“During the next two and a half years, I had double the baptisms in the Marine Corps that I’d had in the mission field,” Elder Perry said in an interview for the Liahona. “We had a great group of LDS fellows. The strength of the gospel made life in the service very enjoyable. I don’t regret my service experience at all.”

Part of that experience included building a chapel for the Christians in Nagasaki. He told the story movingly in the following short film:

Marriage and family

(Photo via LDS.org.)

Elder Perry with his family. (Photo via LDS.org)

Upon his return from the service, Elder Perry married Virginia Lee in the Logan Temple on July 18, 1947. He graduated from Utah State University in 1949, then did graduate work there. He worked in retail as an executive in Idaho, California, New York and Massachusetts.

Shortly after moving to Idaho for his first job, Elder Perry received the call to serve in his ward’s bishopric. His initial impulse was to decline, noting that his budding career and young family required so much of his time. But despite the challenges, he made the decision to serve. He continued to serve in the Church throughout his life.

Tom and Virginia had two daughters and one son. They carried on many of the Perry family traditions with their own children, including involving the children in Church service and setting aside Saturday as a family day.

Tragedy struck when Virginia died on Dec. 14, 1974. Their daughter Barbara died in March 1983. Still, Elder Perry remained positive.

“The Lord is very kind,” Elder Perry later said of adversity. “Even though some experiences are hard, he floods your mind with memories and gives you other opportunities. Life doesn’t end just because you have a tragedy — there’s a new mountain to climb. Don’t spend a lot of time sulking over what you’ve lost. Get on with climbing the next mountain.”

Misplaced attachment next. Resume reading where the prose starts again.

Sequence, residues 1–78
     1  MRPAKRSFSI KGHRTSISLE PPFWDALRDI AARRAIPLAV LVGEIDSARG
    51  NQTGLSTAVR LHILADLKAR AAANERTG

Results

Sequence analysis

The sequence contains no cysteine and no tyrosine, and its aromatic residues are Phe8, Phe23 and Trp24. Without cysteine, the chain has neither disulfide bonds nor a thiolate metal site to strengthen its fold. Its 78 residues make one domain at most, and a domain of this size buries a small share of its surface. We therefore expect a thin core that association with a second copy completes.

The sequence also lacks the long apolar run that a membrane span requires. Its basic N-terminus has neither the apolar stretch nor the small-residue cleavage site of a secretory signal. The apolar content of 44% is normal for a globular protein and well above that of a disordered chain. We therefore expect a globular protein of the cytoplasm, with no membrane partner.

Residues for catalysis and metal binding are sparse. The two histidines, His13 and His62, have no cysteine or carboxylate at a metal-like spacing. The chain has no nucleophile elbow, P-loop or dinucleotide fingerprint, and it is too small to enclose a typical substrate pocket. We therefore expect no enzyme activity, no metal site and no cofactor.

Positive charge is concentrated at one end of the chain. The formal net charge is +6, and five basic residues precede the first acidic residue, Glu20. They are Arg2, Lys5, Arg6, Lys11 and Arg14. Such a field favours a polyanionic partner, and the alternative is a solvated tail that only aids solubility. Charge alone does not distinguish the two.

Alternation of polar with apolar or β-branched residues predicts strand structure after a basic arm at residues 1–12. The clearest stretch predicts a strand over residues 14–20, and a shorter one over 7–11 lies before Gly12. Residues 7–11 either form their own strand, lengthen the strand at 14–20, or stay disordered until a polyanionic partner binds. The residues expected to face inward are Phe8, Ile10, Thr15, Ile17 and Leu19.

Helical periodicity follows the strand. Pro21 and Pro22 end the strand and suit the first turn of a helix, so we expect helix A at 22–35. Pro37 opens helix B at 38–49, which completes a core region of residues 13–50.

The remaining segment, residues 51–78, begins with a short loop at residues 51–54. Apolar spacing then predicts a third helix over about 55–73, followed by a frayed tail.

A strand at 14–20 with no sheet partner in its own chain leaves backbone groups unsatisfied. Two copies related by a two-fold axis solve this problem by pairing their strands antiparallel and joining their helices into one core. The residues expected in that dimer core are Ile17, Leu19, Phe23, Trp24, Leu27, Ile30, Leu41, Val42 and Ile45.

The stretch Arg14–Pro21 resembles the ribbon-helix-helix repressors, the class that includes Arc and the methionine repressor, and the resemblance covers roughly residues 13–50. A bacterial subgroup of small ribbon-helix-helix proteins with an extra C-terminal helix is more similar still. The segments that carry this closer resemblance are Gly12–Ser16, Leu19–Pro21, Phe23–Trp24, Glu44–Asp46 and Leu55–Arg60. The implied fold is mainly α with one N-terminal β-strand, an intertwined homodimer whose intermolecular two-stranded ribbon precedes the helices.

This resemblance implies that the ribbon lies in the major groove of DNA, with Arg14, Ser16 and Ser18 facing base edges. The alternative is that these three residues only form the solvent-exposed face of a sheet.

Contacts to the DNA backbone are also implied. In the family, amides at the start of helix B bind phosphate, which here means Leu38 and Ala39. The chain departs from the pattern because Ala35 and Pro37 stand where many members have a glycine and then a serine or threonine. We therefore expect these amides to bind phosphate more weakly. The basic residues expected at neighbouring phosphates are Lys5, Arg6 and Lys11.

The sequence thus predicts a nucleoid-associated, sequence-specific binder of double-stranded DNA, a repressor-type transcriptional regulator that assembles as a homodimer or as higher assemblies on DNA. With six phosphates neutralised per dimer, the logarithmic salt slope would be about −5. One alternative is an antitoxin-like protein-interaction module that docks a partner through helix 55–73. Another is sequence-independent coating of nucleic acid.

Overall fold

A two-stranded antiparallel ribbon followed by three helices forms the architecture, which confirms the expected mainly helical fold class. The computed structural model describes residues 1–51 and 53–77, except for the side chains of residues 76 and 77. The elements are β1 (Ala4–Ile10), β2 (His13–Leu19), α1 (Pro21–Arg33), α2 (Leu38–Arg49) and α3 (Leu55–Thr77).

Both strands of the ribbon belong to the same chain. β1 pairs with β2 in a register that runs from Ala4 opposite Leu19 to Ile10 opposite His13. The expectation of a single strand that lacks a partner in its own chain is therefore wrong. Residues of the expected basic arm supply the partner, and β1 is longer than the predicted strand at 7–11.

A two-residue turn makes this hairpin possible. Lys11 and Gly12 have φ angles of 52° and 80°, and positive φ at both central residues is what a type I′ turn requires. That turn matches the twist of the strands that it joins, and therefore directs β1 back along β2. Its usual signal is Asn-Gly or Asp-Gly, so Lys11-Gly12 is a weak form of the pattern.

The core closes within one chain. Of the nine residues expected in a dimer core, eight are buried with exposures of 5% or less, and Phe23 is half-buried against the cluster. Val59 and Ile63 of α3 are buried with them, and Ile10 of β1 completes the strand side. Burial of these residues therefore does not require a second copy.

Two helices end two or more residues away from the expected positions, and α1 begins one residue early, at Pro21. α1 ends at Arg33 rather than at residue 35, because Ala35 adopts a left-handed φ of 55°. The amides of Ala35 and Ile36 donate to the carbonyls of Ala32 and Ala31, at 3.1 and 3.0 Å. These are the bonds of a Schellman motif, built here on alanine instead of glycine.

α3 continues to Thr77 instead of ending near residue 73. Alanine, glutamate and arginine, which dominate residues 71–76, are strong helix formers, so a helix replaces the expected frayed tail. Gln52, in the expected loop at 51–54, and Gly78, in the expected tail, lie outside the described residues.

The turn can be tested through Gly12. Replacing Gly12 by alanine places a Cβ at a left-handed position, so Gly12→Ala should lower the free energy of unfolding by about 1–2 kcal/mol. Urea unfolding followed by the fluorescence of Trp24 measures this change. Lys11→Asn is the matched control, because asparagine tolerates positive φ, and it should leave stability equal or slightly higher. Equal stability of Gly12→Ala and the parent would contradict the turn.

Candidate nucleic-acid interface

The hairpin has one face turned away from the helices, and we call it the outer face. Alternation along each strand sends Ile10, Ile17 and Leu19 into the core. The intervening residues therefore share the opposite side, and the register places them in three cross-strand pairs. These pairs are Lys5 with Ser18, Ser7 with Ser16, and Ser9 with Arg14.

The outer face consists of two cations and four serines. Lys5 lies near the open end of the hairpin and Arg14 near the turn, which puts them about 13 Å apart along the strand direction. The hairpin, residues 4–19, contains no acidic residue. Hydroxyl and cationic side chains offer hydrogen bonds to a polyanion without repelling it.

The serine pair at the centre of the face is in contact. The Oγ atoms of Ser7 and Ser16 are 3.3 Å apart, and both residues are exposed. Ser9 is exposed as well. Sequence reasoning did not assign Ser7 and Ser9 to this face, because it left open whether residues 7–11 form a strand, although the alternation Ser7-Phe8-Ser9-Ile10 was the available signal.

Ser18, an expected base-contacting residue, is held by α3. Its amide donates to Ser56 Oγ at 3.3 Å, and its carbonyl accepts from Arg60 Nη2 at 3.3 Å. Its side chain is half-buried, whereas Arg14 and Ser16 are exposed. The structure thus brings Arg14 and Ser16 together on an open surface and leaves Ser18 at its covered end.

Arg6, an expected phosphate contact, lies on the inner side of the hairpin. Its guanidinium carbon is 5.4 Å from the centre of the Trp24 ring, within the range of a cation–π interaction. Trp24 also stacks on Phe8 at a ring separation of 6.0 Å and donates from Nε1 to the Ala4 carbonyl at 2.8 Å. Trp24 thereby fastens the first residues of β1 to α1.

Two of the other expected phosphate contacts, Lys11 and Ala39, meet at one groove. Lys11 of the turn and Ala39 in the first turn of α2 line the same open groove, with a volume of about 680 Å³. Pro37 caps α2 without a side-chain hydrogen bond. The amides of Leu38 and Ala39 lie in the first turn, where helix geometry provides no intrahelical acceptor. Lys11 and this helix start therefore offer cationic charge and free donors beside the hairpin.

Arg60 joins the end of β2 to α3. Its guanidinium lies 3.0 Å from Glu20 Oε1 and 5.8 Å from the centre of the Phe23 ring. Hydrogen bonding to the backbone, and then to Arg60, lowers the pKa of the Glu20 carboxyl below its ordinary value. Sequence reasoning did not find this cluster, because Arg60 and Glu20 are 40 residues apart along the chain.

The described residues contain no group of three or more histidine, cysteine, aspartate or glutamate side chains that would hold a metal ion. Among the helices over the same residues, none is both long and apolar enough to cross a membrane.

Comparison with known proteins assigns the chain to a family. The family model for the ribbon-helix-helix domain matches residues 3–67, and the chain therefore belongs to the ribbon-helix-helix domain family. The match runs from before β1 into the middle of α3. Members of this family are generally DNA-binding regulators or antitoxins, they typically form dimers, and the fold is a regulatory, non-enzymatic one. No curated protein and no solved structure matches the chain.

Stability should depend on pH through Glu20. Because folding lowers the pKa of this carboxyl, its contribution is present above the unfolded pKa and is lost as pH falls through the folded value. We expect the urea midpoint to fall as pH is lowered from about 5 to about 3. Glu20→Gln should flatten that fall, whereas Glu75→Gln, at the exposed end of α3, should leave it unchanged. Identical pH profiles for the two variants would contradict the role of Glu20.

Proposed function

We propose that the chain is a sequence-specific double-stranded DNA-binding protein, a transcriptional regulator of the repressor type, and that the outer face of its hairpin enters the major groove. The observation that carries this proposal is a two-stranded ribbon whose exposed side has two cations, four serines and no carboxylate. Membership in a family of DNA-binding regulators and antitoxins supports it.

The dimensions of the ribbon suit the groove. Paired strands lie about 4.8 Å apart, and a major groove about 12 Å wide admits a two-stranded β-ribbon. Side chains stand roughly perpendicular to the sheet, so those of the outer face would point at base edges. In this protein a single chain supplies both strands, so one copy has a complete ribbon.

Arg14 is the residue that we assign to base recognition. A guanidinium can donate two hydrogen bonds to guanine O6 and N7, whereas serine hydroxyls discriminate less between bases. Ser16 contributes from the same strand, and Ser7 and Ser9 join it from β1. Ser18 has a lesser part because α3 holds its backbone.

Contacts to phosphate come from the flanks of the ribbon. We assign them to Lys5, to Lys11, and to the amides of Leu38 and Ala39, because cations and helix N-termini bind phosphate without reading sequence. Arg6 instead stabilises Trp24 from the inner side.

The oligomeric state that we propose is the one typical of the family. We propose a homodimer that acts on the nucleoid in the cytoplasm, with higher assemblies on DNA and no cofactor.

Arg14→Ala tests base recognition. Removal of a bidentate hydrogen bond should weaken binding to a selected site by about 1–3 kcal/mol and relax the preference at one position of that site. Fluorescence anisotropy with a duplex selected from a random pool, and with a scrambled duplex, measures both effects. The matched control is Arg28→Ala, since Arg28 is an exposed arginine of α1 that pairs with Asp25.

He married Barbara Taylor Dayton on April 28, 1976, in the Salt Lake Temple.

Quorum of the Twelve

(Photo courtesy Mormon Newsroom.)

(Photo courtesy Mormon Newsroom)

Elder L. Tom Perry was ordained a high priest by Harold B. Lee, who was then a member of the Quorum of the Twelve, before beginning service as a bishopric member in Lewiston, Idaho. In that blessing, President Lee said that Elder Perry would one day sit in the Church’s leading councils.

That prophesy was fulfilled on April 6, 1974, when Elder Perry was sustained a member of the Quorum of the Twelve Apostles and filled the vacancy left by the death of President Harold B. Lee.

Elder Perry will be remembered for his wide smile, distinctive voice and perpetually positive attitude.

“That warmth, that graciousness, the fact that he really did like people and he liked all the members of the Church and appreciated them — I think that’s how he’ll be remembered,” said Elder Quentin L. Cook of the Quorum of the Twelve Apostles.


Breanna Olaveson worked in the magazine industry before taking her writing from full-time to nap time with the birth of her first daughter. Her work has appeared in the Ensign, Liahona and New Era magazines, as well as Utah Valley Magazine, Utah Valley BusinessQ, Utah Valley Bride and the Provo Daily Herald. She lives in Utah county with her husband and three children. She blogs at www.breannaolaveson.com.